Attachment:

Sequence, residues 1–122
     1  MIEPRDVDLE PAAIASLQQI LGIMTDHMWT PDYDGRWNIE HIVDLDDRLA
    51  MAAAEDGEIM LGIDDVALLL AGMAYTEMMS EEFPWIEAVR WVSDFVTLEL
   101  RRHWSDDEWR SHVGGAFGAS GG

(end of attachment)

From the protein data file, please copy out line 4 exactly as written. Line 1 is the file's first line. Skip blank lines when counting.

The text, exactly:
   101  RRHWSDDEWR SHVGGAFGAS GG